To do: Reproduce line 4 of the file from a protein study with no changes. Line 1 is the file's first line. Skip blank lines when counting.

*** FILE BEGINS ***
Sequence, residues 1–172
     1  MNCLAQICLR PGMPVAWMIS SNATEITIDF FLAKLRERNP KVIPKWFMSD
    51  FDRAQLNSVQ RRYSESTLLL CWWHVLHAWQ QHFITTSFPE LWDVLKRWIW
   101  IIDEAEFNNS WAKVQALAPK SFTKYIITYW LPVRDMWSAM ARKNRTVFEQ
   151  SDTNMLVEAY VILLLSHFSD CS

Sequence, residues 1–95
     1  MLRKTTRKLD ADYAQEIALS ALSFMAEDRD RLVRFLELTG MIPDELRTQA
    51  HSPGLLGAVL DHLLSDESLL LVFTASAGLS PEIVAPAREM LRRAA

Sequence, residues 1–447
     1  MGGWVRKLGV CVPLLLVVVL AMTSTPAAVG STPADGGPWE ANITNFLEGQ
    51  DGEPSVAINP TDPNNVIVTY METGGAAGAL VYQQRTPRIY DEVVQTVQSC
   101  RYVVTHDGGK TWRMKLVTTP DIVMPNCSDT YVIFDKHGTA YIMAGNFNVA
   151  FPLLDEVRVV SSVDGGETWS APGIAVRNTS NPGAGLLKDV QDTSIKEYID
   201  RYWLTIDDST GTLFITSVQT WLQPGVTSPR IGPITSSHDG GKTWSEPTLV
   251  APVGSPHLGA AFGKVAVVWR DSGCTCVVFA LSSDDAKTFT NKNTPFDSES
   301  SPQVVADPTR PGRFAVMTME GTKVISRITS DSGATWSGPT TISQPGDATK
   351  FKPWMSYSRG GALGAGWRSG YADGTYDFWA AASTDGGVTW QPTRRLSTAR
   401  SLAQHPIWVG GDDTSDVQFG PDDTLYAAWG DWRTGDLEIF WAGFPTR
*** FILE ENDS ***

   101  IIDEAEFNNS WAKVQALAPK SFTKYIITYW LPVRDMWSAM ARKNRTVFEQ